WASHINGTON – Today, U.S. Senator Amy Klobuchar (D-MN) toured the Minneapolis VA Medical Center with U.S. Veterans Affairs Secretary Denis McDonough. At the medical center, Senator Klobuchar met with veterans and healthcare providers and learned about the innovative services offered at the Minneapolis VA. In her remarks after the tour, Senator Klobuchar discussed medical advances taking place at the VA and the need to support our nation’s veterans through both physical and mental health challenges.
Senator Klobuchar has been a leader in advocating for veterans’ health care and benefits. Earlier this month, she introduced legislation to require the VA to provide health care personnel with improved education and training to identify, treat, and assess the impact of illnesses related to exposure to burn pits and other toxic substances. She also introduced legislation to improve the Department of Veterans Affairs’ (VA) posttraumatic stress disorder (PTSD) claims processing training.
Remarks as delivered can be found below:
“Thank you so much, Governor, thanks for your great work. And thank you to Senator Smith, for her leadership on mental health, which the Secretary, I know, is so focused on. And Congresswoman, thank you as well for all you do. And Mr. Secretary, I had the job of introducing you at your Committee hearing. Probably the easiest job I ever got in Washington – I was happy to take it on, because he had such broad support from both Democrats and Republicans, which I think is so important right now. We have a secretary in place as he takes on the challenges that we all think about.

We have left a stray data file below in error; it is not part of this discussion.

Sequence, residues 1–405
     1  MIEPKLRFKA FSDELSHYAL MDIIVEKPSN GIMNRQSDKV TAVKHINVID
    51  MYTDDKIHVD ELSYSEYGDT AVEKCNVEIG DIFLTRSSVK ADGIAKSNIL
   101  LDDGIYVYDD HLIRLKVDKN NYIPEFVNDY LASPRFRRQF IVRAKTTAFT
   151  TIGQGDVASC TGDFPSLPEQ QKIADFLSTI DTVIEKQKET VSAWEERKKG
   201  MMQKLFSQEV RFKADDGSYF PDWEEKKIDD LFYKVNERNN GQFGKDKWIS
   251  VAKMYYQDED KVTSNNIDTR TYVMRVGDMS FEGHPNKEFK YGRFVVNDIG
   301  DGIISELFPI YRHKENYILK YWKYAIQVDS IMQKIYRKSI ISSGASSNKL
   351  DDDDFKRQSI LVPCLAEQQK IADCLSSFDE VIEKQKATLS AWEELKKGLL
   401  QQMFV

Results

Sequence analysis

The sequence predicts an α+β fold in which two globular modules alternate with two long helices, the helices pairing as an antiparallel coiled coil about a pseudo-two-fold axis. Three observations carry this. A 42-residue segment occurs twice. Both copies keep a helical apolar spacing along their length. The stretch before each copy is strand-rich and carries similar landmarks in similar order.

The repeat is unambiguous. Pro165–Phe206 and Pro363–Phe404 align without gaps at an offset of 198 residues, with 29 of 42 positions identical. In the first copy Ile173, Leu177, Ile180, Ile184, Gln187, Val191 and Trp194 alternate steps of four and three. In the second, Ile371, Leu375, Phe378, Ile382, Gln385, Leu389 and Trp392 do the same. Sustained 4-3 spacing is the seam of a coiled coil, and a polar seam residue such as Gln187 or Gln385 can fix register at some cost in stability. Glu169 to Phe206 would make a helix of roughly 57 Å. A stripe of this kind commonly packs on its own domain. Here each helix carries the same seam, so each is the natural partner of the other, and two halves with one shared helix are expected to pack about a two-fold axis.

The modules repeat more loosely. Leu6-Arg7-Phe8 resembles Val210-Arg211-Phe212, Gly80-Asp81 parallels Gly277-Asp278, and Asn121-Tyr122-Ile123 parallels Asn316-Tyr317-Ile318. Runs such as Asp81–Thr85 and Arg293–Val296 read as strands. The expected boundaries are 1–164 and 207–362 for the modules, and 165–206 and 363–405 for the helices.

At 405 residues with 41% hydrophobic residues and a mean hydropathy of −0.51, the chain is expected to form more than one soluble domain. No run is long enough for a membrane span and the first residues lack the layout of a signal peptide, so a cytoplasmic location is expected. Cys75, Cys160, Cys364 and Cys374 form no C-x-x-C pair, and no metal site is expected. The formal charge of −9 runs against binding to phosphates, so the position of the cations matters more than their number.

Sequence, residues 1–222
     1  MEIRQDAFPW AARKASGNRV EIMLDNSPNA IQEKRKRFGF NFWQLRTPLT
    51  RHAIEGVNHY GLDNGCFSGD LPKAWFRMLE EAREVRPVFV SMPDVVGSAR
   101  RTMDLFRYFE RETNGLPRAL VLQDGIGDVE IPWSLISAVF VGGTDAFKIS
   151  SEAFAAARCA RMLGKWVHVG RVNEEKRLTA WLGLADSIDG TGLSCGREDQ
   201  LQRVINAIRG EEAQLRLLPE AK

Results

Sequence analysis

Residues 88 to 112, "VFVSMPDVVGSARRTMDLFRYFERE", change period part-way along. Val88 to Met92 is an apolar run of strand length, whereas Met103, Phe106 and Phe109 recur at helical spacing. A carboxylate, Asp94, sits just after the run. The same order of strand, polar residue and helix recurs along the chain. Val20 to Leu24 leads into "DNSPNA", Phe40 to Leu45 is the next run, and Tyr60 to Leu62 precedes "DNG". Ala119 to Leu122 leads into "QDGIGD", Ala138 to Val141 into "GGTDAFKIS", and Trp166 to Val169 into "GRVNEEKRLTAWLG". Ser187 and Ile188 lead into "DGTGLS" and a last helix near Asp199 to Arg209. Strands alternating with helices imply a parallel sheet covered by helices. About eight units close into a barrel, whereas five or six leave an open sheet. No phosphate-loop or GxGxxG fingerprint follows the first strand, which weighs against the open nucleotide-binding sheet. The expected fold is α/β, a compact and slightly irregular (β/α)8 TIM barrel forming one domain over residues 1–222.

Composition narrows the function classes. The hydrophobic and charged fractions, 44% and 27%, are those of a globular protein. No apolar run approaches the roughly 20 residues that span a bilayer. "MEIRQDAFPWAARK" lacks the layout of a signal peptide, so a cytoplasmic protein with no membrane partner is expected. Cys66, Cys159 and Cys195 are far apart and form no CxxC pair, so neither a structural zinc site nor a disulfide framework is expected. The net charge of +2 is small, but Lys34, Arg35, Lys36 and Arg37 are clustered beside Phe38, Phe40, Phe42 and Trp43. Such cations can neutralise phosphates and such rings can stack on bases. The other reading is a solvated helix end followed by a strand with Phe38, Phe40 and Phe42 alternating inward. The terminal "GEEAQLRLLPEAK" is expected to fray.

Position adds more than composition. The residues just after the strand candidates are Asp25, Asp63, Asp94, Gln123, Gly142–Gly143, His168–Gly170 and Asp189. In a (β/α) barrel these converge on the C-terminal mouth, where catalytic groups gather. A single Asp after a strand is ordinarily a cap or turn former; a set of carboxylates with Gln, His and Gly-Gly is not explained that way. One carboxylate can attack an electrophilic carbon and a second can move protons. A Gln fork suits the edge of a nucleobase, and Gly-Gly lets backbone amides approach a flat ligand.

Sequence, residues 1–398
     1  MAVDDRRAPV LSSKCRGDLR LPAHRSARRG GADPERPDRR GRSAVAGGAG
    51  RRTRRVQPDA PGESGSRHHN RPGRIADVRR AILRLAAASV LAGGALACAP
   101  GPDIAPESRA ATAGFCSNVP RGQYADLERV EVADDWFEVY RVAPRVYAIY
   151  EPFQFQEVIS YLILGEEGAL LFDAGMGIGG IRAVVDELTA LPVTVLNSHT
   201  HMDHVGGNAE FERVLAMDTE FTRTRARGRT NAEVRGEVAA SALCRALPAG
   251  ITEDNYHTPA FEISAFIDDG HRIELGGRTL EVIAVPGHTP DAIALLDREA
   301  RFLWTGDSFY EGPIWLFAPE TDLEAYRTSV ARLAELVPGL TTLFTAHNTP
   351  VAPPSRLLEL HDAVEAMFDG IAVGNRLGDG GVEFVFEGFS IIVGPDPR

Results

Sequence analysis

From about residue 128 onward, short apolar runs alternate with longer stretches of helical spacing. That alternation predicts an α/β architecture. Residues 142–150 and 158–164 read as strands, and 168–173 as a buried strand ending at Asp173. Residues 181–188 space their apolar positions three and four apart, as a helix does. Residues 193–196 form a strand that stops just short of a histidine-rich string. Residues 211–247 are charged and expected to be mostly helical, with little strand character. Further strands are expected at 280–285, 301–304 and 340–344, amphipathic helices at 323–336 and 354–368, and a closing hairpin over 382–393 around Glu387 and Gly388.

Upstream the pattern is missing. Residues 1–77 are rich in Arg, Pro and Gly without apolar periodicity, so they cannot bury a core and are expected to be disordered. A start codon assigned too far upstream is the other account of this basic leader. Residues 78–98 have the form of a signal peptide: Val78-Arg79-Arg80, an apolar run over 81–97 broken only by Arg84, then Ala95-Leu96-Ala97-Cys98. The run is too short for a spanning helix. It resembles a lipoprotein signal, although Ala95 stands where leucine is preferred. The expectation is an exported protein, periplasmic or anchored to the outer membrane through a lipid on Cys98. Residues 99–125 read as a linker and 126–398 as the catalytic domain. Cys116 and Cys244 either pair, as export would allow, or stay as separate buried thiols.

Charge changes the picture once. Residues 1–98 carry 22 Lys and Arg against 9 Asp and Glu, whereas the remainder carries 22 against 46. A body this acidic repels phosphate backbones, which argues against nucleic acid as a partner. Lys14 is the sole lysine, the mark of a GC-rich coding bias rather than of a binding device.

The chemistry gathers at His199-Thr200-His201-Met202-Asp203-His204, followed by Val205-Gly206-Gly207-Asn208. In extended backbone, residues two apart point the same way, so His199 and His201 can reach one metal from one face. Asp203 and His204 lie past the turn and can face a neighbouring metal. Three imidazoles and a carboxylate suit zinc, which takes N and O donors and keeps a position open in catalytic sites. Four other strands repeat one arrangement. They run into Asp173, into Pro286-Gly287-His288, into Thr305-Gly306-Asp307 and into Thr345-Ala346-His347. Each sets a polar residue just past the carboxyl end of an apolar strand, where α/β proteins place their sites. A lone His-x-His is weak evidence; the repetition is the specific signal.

“So Director Kelly just gave us an incredible tour and we saw the work that leads us to believe we are number one. And that's the work that is being done with spinal injuries, traumatic brain injuries. What we saw with an automatic machine that allows people who have ALS and other neurological disorders to be able to sit with their family and look with their eyes and allow arms to pick up food, to feed them, without their caretakers doing it for them all the time. We saw a woman who was just literally weeks out of an injury who through robotic equipment was able to walk, and it was like a miracle tour back there! And so I thank everyone that works for the people, but not just the occupational therapists, who we’re so thankful to, but also the people who designed it, the minds behind some of this, that come up with weird ideas. And when I asked them what’s one of the best things they do every day, they said “shoot down bad ideas first.” And so they do this work, so I thank them. And then what the Secretary talked about was it's not just physical injuries that you fix here and that we need to fix across the country, it’s also brain injuries, mental health, and all these problems that people are encountering right now and having. We have Vietnam War vets that still have PTSD from what happened to them. We have people that just have come back in the last decade that are still struggling. We’ve seen it when I was in St. Cloud for this incredible memorial for the three National Guard members who died in that helicopter crash in that farm field, and the family had a beautiful memorial for them last weekend with the Guard. We talked about in the crowd – it’s the first event in the public, which I’ll never forget – many people have mental illness. So to me, this is the signature, signature injury coming home from the war, it’s the signature condition that we are dealing with right now, and I think that's a good segue to introduce my friend Senator Tina Smith, who’s been so vocal about this and such a leader.”
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